Fed expected to pause rate hikes until May after financial system stabilizes: Expert

Fed expected to pause rate hikes until May after financial system stabilizes: Expert
# 22 March 2023 13:25 (UTC +04:00)

"I expect the Fed to pause their rate hikes this week, but to resume tightening at their May meeting after policymakers have stabilized the financial system," Mark Zandi, the chief economist at Moody's Analytics, told Anadolu Agency via email, APA reports.

The US Federal Reserve is expected to pause interest rate increases on Wednesday, but continue rate hikes at its next meeting after the US financial system and banking outlook are stabilized, according to the expert.

The US central bank on Tuesday has kicked off its most critical two-day meeting of the year as the American banking system faces a crisis amid the demise of four banking institutions.

Within a matter of weeks in the US, Silvergate Bank, Silicon Valley Bank (SVB), Signature Bank, and First Republic Bank have gone under, causing panic among Wall Street and investors, but most especially depositors.

It is now a question whether the banks' failures would have a spillover effect on the rest of the US economy, and by and large the rest of the world, especially in the aftermath of the Swiss bank Credit Suisse's demise in Europe.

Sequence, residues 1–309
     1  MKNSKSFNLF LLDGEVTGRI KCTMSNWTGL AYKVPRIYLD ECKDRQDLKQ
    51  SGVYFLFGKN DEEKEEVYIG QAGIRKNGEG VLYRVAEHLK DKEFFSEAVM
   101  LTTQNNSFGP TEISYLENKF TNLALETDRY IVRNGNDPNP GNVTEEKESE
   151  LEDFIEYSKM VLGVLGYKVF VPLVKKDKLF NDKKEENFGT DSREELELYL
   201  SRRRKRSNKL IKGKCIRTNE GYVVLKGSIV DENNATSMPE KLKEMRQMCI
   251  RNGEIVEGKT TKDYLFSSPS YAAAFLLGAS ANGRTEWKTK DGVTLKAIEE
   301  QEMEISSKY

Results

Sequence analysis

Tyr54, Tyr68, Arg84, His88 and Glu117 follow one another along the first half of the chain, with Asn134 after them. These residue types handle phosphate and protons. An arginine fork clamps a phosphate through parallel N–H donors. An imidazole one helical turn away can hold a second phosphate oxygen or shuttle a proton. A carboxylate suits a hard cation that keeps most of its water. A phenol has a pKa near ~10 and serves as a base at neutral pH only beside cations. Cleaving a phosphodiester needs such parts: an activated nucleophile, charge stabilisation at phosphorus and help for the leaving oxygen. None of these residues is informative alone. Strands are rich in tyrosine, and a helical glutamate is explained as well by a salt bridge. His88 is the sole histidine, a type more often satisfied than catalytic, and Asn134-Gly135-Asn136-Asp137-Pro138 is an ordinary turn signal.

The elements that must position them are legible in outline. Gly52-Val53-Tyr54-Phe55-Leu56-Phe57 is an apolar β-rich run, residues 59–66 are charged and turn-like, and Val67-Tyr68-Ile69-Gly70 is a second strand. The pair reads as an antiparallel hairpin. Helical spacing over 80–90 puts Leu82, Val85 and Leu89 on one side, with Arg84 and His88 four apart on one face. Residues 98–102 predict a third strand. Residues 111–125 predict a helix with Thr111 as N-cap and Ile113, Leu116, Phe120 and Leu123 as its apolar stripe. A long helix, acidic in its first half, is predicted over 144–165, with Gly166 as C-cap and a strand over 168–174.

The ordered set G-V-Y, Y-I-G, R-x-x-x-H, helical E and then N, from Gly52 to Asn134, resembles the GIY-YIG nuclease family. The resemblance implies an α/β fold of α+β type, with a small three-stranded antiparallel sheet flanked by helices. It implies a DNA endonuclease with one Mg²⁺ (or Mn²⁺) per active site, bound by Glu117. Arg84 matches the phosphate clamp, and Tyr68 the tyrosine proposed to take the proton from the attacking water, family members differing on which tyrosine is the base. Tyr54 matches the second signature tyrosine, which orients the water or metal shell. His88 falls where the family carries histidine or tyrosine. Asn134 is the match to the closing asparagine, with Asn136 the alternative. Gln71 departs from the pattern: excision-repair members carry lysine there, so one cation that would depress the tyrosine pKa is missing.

Zandi noted that the failures of SVB, Signature Bank, and Silvergate Bank, with assets collectively close to $325 billion, along with the "travails" of the large Swiss bank Credit Suisse, have "roiled" the global financial system.

He argued that the Fed will be under pressure this week to pause rate hikes, since financial stability has suddenly become its number-one priority, adding: "It would seem incongruent for the Fed to establish a credit facility to support liquidity in the banking system one week and raise interest rates the next."

The expert, however, noted that once the US financial system settles in the coming weeks, the Fed is expected to "pivot back" to addressing the high inflation and increase interest rates by 25 basis points each in its May and June meetings.